Trick play brings TV time to Oakmont football program
Down on one knee, Taylor Laird turned back to Joey Rosnack and exchanged a few quick encouraging words.
With no time on the clock and Oakmont High School trailing by one Friday in front of a large crowd on Lincoln’s homecoming night, Laird was about to take the snap from center Dylan Knapp and hold for an extra-point kick by Rosnack that, if converted, would send the game to overtime.
Only Laird wasn’t about to spot the ball for Rosnack’s kick.
“The kicker didn’t know either,” Laird said with a smile Monday, joined by a handful of teammates that will talk for as long as they live about the Vikings’ trick two-point conversion that beat Lincoln 44-43. They’ll talk about it at work, in the dugout during softball games and at reunions five, 10, 20 and 30 years from now — long after ESPN, CNN, Yahoo! Sports, USA Today and other national media outlets have quit blowing up the cell phone of head coach Tim Moore seeking his version of the story just one more time.
With no official name for the play — “Top secret,” Moore said in a text Tuesday — it has become known as the wedding bouquet toss because, well, that’s what it looked like.
Playing second fiddle to the bouquet toss was Oakmont’s last-minute drive, capped by Laird’s sweet pass to the back left corner of the end zone that was caught in traffic by leaping 6-foot-3 junior Namani Parker on the final play.
“I didn’t know we were going for two,” Parker said Monday.
The Vikings set up for a routine PAT, but when Laird caught Knapp’s snap on target, he stood, turned his back to the line of scrimmage and flipped the ball high over the back of his head and into the end zone. Athletic junior Justin Holmes, who slipped across the line of scrimmage on the snap and into the back of the end zone, had to come back and out-jump three Lincoln defenders for the ball. He fell forward and onto the ground as officials signaled the play good.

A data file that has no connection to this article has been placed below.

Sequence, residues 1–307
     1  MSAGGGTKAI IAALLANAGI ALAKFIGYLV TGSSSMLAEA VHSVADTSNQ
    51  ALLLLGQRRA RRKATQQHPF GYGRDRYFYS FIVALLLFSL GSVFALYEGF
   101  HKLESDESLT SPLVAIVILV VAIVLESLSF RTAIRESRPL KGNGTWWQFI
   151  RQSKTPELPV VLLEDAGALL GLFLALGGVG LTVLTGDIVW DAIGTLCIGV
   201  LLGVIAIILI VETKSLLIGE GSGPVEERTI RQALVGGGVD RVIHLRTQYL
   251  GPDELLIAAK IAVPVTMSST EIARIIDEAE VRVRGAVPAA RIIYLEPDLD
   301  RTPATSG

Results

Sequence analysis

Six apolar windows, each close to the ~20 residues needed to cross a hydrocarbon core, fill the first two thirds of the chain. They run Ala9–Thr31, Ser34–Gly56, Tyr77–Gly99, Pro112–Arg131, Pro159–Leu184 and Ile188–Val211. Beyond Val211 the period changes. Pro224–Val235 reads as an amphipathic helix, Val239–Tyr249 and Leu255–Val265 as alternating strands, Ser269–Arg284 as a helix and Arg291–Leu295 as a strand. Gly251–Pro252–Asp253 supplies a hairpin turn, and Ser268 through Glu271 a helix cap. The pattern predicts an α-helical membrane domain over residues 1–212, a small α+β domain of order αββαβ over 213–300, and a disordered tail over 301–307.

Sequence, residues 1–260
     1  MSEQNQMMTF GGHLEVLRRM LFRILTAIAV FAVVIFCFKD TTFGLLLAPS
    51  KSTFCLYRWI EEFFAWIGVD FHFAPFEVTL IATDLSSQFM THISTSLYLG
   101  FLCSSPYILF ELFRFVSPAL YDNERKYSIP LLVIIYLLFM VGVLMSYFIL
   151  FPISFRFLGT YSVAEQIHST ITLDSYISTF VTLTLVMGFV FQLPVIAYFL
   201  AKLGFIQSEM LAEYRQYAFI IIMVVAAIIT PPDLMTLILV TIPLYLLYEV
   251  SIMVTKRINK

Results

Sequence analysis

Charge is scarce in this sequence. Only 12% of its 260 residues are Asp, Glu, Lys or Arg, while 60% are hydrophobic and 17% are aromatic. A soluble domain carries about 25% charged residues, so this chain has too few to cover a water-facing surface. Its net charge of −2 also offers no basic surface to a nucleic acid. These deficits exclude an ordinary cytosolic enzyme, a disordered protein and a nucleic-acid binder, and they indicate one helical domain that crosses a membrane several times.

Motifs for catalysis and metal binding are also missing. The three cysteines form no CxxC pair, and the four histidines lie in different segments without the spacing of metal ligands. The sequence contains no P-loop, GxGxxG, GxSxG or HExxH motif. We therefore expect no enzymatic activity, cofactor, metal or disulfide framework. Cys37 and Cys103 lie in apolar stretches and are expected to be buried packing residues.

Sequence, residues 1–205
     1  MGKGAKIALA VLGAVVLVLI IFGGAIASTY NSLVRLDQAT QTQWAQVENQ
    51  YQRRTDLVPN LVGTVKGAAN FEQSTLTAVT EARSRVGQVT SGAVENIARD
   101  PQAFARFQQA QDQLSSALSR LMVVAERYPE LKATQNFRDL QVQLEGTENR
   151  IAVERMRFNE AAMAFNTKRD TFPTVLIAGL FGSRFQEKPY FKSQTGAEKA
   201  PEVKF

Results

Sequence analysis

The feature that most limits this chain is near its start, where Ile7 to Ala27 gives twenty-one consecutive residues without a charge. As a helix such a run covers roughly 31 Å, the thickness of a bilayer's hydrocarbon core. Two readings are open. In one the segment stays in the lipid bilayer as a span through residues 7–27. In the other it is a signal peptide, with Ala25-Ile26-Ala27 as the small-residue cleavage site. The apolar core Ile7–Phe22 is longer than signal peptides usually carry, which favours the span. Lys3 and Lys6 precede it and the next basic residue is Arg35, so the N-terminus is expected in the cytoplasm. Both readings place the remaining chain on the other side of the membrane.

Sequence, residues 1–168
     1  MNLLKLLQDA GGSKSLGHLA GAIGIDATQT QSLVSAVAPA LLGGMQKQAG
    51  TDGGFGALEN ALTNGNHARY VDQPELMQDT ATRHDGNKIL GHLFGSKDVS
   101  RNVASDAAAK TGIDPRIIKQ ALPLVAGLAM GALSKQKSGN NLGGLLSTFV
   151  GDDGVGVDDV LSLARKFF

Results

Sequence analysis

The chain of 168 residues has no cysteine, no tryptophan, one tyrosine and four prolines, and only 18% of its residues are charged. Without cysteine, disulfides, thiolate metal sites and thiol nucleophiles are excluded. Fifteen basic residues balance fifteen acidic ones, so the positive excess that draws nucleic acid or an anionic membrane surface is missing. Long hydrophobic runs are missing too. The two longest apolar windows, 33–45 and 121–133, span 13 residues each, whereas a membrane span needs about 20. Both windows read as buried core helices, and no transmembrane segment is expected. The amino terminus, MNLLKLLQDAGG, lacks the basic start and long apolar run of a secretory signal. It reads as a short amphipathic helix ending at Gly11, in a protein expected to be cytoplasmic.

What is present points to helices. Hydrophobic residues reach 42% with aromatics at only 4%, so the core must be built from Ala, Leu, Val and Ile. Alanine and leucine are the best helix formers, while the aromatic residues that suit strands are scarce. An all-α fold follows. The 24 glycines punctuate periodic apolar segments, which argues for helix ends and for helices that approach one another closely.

“I knew what needed to be done to win the game,” the 6-3 Holmes said, noting that when he played basketball, he was “always our (team’s) best rebounder. It pretty much came natural.”
The Vikings left their sideline and rushed to their teammates on the field. Coaches and players hugged. Lincoln players walked slowly toward their quiet, stunned sideline. Others knelt on the field in shock. Players from both sides cried.
“Best game I’ve ever played in,” Laird said. “I took off and sprinted about 50 yards.”
Moore said while the Vikings practice their fakes two or three times a week,
“You never really get the true feel of it,” since the other unit, in this case the point-after team, knows it’s coming.
But during practice Wednesday before the game, Moore whispered to Laird and Holmes to run the trick play, and it worked.
The reaction, according to Moore: “Where’d that come from?”
His response: “You never know; we may need to run it.”
The Vikings needed to run it Friday night. With the Fighting Zebras having rushed for 444 yards, including 319 by senior James Hubbard, and the Vikings dinged up throughout the night, Moore admittedly wanted no part of Lincoln’s running game in overtime.
The Vikings quickly marched to their final touchdown, and Laird flipped the trick pass to Holmes just as Moore taught him — like a backward shot in basketball. Ideally, the pass is thrown about eight yards deep into the end zone with an end-over-end action designed to fool the defense into thinking it’s the extra-point kick.
Laird’s toss went about five yards deep, but Holmes adjusted and won the battle for the ball — and a victory that Tuesday still saw Moore answering his phone to tell the story.
“It’s crazy,” Holmes said. “It was nerve-racking.”
“I wasn’t nervous because we were on a roll that whole drive,” Laird said. “I knew if I put it out there, he’s going to get it.”
Said Knapp: “It was an out-of-body experience.”
Contact Bill Poindexter at firstname.lastname@example.org. Follow him on Twitter at BillP_RsvPT.